Simon Varsano

Hellboy

Jan. 11, 2019
Director Neil Marshall reboots the franchise with Stranger Things star David Harbour as the red demon and Ian McShane as his adoptive father.glass Every superhero movie that is coming out through 2020 Preview

Everett Collection

Glass

Jan. 18, 2019
M. Night Shyamalan’s long-awaited sequel to Unbreakable reunites Bruce Willis as an ordinary security guard with superhuman strength and Samuel L. Jackson as a mass murderer.dark phoenix Every superhero movie that is coming out through 2020 Preview

Doane Gregory/Fox

Dark Phoenix

Feb. 14, 2019
The 12th installment of Fox’s X-Men franchise and the start of a new trilogy starring James McAvoy, Michael Fassbender, Jennifer Lawrence, and Sophie Turner.captain marvel Every superhero movie that is coming out through 2020 Preview

Marvel; Jon Kopaloff/Getty Images

Captain Marvel

March 8, 2019
Marvel finally releases its first MCU film focused on a female superhero. The logline: “Carol Danvers (Brie Larson) becomes Captain Marvel, one of the galaxy’s strongest heroes, after the Earth is caught in the center of an intergalactic conflict between two alien worlds.” The film is set the 1990s (so also before the events in Infinity War.Shazam Every superhero movie that is coming out through 2020 Preview

Peter Kramer/NBCUniversal/NBCU Photo Bank via Getty Images; DC Comics

Shazam!

April 5, 2019
A 14-year-old foster teen (Asher Angel) can turn into a grown-up superhero (Zachary Levi) by shouting a single word.Avengers Infinity War Every superhero movie that is coming out through 2020 Preview

Chuck Zlotnick/©Marvel Studios 2018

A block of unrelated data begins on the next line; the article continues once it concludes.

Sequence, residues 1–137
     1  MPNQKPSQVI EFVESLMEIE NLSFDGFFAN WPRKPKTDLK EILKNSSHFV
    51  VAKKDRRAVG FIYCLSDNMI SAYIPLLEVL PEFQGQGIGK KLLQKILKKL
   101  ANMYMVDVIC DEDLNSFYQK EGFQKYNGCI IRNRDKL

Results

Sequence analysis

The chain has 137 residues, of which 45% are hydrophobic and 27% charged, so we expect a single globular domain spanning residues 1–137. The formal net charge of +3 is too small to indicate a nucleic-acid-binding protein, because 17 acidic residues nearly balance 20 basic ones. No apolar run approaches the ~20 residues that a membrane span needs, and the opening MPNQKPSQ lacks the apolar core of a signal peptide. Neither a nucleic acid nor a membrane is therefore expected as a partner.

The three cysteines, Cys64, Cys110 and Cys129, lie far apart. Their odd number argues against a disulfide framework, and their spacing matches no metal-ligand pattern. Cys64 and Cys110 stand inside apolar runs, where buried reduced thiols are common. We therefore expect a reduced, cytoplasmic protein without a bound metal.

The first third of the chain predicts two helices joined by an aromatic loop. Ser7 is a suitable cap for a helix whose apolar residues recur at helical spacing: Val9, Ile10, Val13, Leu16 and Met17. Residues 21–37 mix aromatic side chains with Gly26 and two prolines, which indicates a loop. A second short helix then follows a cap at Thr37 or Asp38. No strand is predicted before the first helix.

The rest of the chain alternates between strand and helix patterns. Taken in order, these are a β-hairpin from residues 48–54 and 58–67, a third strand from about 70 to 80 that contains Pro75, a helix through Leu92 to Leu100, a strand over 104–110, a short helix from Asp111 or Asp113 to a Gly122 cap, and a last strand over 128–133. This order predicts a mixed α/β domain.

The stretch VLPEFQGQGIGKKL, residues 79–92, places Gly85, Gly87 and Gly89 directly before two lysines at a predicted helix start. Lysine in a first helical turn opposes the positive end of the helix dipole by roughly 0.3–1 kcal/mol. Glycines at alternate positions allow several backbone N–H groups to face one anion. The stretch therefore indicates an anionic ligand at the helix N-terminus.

Untitled Avengers: Infinity War sequel

May 3, 2019
Shot back-to-back with Infinity War by the same directors (Anthony and Joe Russo), the ultra-secretive fourth Avengers film wrapped in January (but there’s some reshoots still to come).spiderman Every superhero movie that is coming out through 2020 Preview

Chuck Zlotnick/Columbia Pictures

Untitled Spider-Man: Homecoming sequel  

2019
Little is known, but Jon Watts is set to return as director, and the film takes place after the untitled Infinity War sequel. Filming begins this summer.the new mutants Every superhero movie that is coming out through 2020 Preview

Claire Folger/Twentieth Century Fox

The New Mutants

Aug. 2, 2019
The superhero genre goes horror in this tale of a group of mutants held in a secret facility. Anya Taylor-Joy, Maisie Williams, and Charlie Heaton star.wonder woman Every superhero movie that is coming out through 2020 Preview

Clay Enos/Warner Bros

Wonder Woman 2

Nov. 1, 2019
The sensation returns with director Patty Jenkins back behind the camera and Pedro Pascal joining the cast in a key role. Kristen Wiig is also confirmed to be playing the villain Cheetah. The story will shift to America for likely another period piece, though it’s not clear what year it will take place.The Crow Reborn Every superhero movie that is coming out through 2020 Preview

Everett Collection; Gabe Ginsberg/Getty

The Crow Reborn

Oct. 11, 2019
This one is still uncertain: A start of production date has been announced and pushed several times. But a release date has been set with Jason Momoa to star.X Force Every superhero movie that is coming out through 2020 Preview